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Hurricane vs EV... I can't power my home with the Tesla because it is in the body shop... Bolt to the rescue!

We went 4 days back in 2008 without power due an ice storm that took down power lines. We stayed in the house as we had hot water (gas) and cooked on a grill. But one of our neighbors with a GENERAC whole hose generator thought it was nice to turn on all his outdoor holiday lights at night while we were all in the cold with candles and maybe a fireplace.
After upgrading my home HVAC to a heat pump with secondary propane furnace, I've been thinking of getting one of those generac propane generators. Nothing else in the home uses propane, and my 250 gallon tank barely gets touched unless the heatpump goes through a dethaw cycle.

Would be a good winter storm car charging backup... I commute 90 miles a day (45 both ways).

Last year in WA we got ~4 feet of snow. Luckily all our power lines are under ground near us.
 
At the start of my test I plugged in the fridge to the wall to cool it down, and froze 16 half liter bottles of water and put them in the fridge section… this is the same thing I would do in preparation for an expected power outage. I then started the test by hooking the fridge up to my battery pack via the 1000 watt full sign wave 12 VDC to 120 VAC inverter.

I expected my test to run for only a few hours, so I chose to take data every 15 min getting a DC Voltage, AC voltage, and DC amps reading each time. After 6 hours of running I had to pause the test because we had errands to run, so I shut off the inverter and plugged the fridge into the wall. I resumed the test, the next day expecting it to end at any moment, and ran for another 3 hours before pausing to do some shopping. Resumed that evening for another 3 hours and paused for the night. At this point I have been running the test for 12 hours, way longer than I expected it to run.

The next morning, being sick to death of taking readings every 15 min for the first 12 hours of the test I decided to just take a reading each hour, and resumed my test. Five and a half hours later the alarm sounded on the inverter because it was no longer able to maintain 120 volts on the AC output, and I concluded the test. This was a mind boggling 17 and a half hours after starting the test run.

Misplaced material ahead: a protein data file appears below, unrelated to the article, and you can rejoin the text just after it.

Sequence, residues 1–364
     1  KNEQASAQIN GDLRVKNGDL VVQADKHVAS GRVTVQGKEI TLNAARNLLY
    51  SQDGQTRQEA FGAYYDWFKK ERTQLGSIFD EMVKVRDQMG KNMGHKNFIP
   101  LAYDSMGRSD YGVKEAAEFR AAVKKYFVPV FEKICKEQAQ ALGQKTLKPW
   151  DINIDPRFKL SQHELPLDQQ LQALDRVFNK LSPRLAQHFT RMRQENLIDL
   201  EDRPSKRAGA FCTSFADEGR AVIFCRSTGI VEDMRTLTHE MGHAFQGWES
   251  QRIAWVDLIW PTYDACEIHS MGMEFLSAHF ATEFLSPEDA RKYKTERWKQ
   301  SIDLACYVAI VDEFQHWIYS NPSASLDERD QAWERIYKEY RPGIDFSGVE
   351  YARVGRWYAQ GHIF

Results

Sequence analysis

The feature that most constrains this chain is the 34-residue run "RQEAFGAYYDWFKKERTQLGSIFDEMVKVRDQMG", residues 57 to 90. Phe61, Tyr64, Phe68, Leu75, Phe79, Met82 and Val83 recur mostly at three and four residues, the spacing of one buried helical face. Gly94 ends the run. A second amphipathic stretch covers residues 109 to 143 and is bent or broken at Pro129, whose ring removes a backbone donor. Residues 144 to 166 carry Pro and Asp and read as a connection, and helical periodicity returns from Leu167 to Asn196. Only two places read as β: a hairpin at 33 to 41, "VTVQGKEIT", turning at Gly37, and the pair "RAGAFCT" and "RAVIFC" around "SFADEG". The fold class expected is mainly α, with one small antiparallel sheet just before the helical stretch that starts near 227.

Pack voltage with no load at the start of the test was at 12.9 Volts

At the 1 hour point 12.6 VDC, 120 VAC, Average for the hour 140 Watts.

At the 2 hour point 12.6 VDC, 120 VAC, Average for the hour 160 Watts.

At the 3 hour point 12.6 VDC, 120 VAC, Average for the hour 101 Watts.

At the 4 hour point 12.5 VDC, 120 VAC, Average for the hour 101 Watts.

At the 5 hour point 12.5 VDC, 120 VAC, Average for the hour 132 Watts.

At the 6 hour point 12.5 VDC, 120 VAC, Average for the hour 132 Watts.

PAUSE for errands.

At the 7 hour point 12.4 VDC, 120 VAC, Average for the hour 215 Watts.

At the 8 hour point 12.3 VDC, 120 VAC, Average for the hour 216 Watts.

At the 9 hour point 12.3 VDC, 120 VAC, Average for the hour 117 Watts.

Second Pause.

At the 10 hour point 12.3 VDC, 120 VAC, Average for the hour 96 Watts.

At the 11 hour point 12.2 VDC, 120 VAC, Average for the hour 128 Watts.

At the 12 hour point 12.0 VDC, 120 VAC, Average for the hour 162 Watts.

Third Pause for over night.

AVERAGE WATTS OVER FIRST 12 HOURS = 142 WATTS

At the 13 hour point 12.0 VDC, 120 VAC.

At the 14 hour point 11.8 VDC, 114 VAC.

At the 15 hour point 11.5 VDC, 111 VAC.

At the 16 hour point 11.5 VDC, 110 VAC.

At the 17 hour point 11.2 VDC, 110 VAC.

Thirty min after this reading an alarm started sounding on the inverter, when I checked the readings they were 10.3 VDC, 101 VAC. At this point I concluded my test.

Later,

Keith
 

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